Life and Times of Frederick Douglass by Frederick Douglass
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Writer, Orator, Agitator and Champion of Human Rights.
Born in slavery, largely self-educated and self-liberated, Frederick Douglass rose against formidable odds to become a great American leader, not only in the fight for the abolition of slavery, but in the general cause of human rights. After the Civil War, Douglass utilizing his unique gifts as writer and orator, fought for equal rights for Negroes as zealously as he had fought for emancipation. He was actively associated with the campaign for equal rights for women. He was a champion of free education for “every poor man from Maine to Texas.” He played an important role in the early Negro labor movement. He was involved in the temperance crusade.
Having attained the distinguished position as advisor to President Lincoln, Douglass reached the apex of his astonishing career with his appointment a Minister Resident and Consul General to the Republic of Haiti. His autobiography, presented here as he finally completed and revised it in 1892, is a unique chronicle of seventy-eight crucial years in American history, and a provocative and impressive self-portrait of an uncommon man.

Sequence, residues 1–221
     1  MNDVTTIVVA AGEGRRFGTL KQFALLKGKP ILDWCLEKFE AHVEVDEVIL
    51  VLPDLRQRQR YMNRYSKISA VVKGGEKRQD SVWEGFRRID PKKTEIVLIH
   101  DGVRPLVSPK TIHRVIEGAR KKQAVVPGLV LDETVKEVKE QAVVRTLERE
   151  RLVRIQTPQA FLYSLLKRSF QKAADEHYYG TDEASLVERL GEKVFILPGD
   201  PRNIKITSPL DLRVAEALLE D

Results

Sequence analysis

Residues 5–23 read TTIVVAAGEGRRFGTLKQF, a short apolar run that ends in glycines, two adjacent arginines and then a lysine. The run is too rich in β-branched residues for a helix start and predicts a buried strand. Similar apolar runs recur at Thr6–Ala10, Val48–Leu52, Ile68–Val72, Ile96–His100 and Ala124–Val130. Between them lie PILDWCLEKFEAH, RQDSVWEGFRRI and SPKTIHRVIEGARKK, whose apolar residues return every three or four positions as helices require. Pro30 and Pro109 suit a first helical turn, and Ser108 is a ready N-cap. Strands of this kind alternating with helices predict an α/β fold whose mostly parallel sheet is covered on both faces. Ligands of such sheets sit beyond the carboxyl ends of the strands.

The first section of the book, the often assigned Narrative of the Life of Fredrick Douglass, is much easier reading than the political work he describes in Part 2 and 3. But a reader who sticks with Parts 2 and 3 will learn much about the Abolitionist movement in Part 2 and about the failures of Reconstruction in Part 3.